Starbucks has officially jumped on the barrel-aged coffee wagon. The coffee gian...
Two years ago when Starbucks announced the grand introduction of its gourmet instant coffee brand, VIA, the coffee world was understandably skeptical. Ever since Mr. Coffee simplified coffee brewing in the 1970s, instant coffee brands had undergone a slow, undignified slide downward in the eyes of most coffee drinkers. In fact, the taste of instant coffee had such a bad reputation that it served as the running tagline behind Folger’s famous vintage television ads for Folgers Instant Coffee Crystals.
Starbucks’ VIA instant coffee is made using a special patented process that the company doesn’t disclose. Whatever they’ve done differently, though, the flavor difference between Starbucks’ VIA and the usual supermarket brand of instant coffee is immeasurable. While VIA wouldn’t win awards at a coffee cuppers’ convention — or even hold up to a great cup of home-brewed coffee — stashing a couple of tubes in your desk drawer can provide a reasonable facsimile of a quick cup of decent coffee on the days you can’t get to a real coffee pot. In fact, depending on the office, you may even find that you’d rather stir up a VIA instant coffee than pour yourself a mug full of whatever’s brewing in the office coffee pot.
Starbucks isn’t the only coffee company on the gourmet instant coffee bandwagon. In fact, gourmet coffee drinks have been a staple for General Foods since the 1970s, when the company introduced its International instant coffee drinks. Originally available in three flavors, the General Foods International line of instant coffees has expanded to include nearly two dozen flavors, many of which bear the label “By the makers of Maxwell House.”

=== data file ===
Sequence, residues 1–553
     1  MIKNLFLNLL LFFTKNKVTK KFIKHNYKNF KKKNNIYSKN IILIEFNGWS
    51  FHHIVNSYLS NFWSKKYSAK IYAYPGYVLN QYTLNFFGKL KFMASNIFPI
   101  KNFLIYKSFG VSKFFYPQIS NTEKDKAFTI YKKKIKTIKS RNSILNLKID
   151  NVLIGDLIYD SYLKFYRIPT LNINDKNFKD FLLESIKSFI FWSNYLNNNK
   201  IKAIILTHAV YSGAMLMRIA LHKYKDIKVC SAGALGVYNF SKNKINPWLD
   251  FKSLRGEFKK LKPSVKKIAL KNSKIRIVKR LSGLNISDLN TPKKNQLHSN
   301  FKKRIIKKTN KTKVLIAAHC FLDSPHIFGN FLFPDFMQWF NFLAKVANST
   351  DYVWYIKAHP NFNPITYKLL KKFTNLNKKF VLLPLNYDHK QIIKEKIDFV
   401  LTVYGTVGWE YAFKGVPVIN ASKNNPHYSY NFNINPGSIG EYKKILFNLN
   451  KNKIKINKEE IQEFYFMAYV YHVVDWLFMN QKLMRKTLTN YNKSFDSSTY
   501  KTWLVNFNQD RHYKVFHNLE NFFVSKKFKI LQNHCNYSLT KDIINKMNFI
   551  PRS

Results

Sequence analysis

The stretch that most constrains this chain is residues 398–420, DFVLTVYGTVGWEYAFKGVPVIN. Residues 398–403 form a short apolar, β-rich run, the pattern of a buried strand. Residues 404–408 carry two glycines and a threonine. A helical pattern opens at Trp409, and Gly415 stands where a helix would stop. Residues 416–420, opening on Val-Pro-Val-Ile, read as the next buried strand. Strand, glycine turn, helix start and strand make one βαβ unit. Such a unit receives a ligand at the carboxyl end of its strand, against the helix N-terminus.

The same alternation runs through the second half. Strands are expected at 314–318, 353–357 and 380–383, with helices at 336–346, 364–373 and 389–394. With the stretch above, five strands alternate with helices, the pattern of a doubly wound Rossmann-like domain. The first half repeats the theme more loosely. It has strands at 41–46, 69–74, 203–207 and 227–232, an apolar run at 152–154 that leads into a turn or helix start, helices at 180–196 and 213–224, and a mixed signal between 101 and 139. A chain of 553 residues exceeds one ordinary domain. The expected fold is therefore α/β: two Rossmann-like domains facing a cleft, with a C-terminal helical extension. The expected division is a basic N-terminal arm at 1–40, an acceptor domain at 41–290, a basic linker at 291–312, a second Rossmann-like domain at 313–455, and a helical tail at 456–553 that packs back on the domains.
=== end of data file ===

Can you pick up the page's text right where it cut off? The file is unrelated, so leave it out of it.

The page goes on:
From the beginning, General Foods — which is now a division of international juggernaut Kraft Foods — marketed its coffee drinks as “gourmet instant coffee drinks,” although they have far more in common with hot chocolate than with most other brands of instant coffee. If you’re a coffee purist, General Foods International instant coffees aren’t likely to live up to your expectations for a cup of real java. The powdered drink mixes are a blend of powdered coffee extract, non-dairy creamers, sugar or sugar substitute and flavorings. The end result is a frothy confection that resembles a latte or cappuccino, but mixes up with just-add-hot-water-and-stir ease.
Most instant coffee products today are freeze-dried. The process starts by extracting the fats, sugars, proteins and other chemicals from roasted coffee beans to create a very concentrated liquid coffee extract. The coffee extract is then frozen in stages to separate the water content from the coffee solids. Finally, the frozen coffee extract goes through a process that vaporizes the ice and removes the water, leaving behind the coffee solids — instant coffee grains or granules that can be reconstituted by adding water.
Starbucks uses a dry roasting process that extracts the flavors directly from the coffee bean rather than from brewed coffee. It’s the same process used by the makers of Asia’s most popular instant coffee, G7, Vietnamese coffee roasters, Trung Nguyen. Made with a process developed in 2002, G7 has only been available in Asia until recently. You can now purchase G7 gourmet instant coffee online through Heirloom Coffee, at trung-nguyen-online.com.
If you like the convenience of just adding hot water, but haven’t found an instant coffee you could love yet, Starbucks VIA or Trung Nguyen’s G7 might be the one you’ve been waiting for.
For a complete list of the best instant coffees, check out Instant coffee list